Rear Tires Lock When Turning – Here is Why

The vehicle has oversteered because the tires are not able to supply as much traction as you need at that moment. The reason for this is a combination of four factors:

Weight Transfer

Usually, when a car turns, there is going to be some weight transfer. This means that a certain amount of mass will move from one side of the car to the other while turning. For example, if you turn left, some weight in your body will shift to the right side and vice versa.

If your car’s tires do not have enough grip or friction with their surface, this could cause one tire on one side (in most cases, the outer wheel) to lose grip with the road, causing aquaplaning (aka hydroplaning). This in turn, would make that wheel “float” and lock almost instantly.

The surface the tires are on

A tire works by creating friction between its grooves (called tread) and the road, allowing a car to be propelled forward as most of that adhesion is lost when going above 70MPH.

Road surfaces help this process in many ways, such as having grooves or expansion joints where you can easily apply additional traction but not all surfaces have those characteristics, so sometimes your vehicle will slip even if both rear wheels reach maximum grip capacity.

Vehicle wheelbase

How far a car is stretched out from end to end is important as it will determine how much body roll and inertia there will be while turning.

This allows you to have more control over your vehicle in some ways, but that’s also where understeer comes into play when accelerating or braking because most of that momentum has yet to be transferred evenly throughout an axle.

This plays a massive role in drifting as well since most skid turns are done at lower speeds so having proper traction and transfer of weight and grip is crucial for making good turns. While most people want their cars to slide, without proper traction, you might end up in a series of unfortunate events such as fishtailing, going straight into something, or even rolling over.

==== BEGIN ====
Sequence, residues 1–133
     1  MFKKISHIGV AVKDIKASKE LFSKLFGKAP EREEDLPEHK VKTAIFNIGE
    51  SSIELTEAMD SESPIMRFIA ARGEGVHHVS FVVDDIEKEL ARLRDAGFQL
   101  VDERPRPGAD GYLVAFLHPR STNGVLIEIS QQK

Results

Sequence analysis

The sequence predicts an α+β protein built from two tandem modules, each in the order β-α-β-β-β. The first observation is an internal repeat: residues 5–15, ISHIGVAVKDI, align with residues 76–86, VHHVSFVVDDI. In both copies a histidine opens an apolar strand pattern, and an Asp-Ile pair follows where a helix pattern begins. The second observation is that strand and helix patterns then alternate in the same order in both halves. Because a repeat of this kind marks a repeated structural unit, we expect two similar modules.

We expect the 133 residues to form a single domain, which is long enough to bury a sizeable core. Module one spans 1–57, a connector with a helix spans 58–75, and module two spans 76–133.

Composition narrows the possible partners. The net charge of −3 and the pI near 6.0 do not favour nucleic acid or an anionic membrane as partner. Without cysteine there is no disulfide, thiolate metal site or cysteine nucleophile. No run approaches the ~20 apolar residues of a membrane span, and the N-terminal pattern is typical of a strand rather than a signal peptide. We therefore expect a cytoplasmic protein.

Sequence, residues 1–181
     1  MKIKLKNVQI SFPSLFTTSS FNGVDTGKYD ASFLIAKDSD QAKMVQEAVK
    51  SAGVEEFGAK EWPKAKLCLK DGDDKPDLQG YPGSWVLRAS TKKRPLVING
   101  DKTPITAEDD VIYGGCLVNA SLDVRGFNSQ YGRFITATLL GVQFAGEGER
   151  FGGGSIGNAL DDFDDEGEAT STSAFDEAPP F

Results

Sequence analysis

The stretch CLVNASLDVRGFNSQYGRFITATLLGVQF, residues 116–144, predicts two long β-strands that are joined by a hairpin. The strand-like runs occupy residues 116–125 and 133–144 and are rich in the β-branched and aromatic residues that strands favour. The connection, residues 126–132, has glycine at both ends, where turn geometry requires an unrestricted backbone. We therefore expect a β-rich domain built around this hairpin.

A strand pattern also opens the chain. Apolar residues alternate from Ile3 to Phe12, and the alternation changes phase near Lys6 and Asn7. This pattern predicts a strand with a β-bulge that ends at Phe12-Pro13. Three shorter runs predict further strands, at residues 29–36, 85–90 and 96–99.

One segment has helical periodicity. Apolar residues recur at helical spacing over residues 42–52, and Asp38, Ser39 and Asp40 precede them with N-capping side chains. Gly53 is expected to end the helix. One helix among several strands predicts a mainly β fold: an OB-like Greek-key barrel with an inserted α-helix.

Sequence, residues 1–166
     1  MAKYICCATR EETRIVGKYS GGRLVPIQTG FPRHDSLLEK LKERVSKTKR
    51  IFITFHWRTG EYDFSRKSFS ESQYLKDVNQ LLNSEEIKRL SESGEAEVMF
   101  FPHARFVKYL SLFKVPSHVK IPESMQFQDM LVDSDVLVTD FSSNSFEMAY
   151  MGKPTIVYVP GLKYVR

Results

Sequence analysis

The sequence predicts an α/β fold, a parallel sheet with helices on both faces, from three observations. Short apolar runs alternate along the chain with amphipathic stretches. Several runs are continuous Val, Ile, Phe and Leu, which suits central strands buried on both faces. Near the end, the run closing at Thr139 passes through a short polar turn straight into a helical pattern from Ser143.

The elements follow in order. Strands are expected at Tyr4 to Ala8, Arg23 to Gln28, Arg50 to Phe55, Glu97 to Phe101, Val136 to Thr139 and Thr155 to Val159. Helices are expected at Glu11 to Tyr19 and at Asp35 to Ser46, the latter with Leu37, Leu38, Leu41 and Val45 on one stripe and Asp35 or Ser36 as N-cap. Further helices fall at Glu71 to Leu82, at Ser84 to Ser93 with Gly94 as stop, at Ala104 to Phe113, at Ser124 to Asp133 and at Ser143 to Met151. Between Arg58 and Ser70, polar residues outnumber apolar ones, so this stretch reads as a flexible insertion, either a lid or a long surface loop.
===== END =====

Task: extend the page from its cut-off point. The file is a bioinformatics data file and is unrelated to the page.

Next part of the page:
Distance from center of gravity

Wheelbase plays an important role here, the closer the CG is to one side of your vehicle will create more oversteer problems while turning.

Distance from the front wheels

The distance between the two rear tires, especially if one is not on par with the other, could also create problems.


Make sure your brakes are properly adjusted, so you can stop within the distance available by using brakes alone. If they do not perform properly, get serviced immediately! Threshold braking would need to be applied rather than maximum braking force.

Drivetrain tuning

If you cannot get the wheels to turn with less angle, than they were designed for, then lower the rear ride height by adjusting the dampers until you can get them to spin without locking up.

Which is an easier way: To increase toe-in by lowering the car [side-to-side] or increasing camber? Answer: Increase cambers, which get more grip from inside of the wheel.

Pointed out on this website; “When there’s too much caster then the inside rear wheel will tend to lock when steering into a curve.” You can change the caster by raising or lowering the mounting height of your strut towers.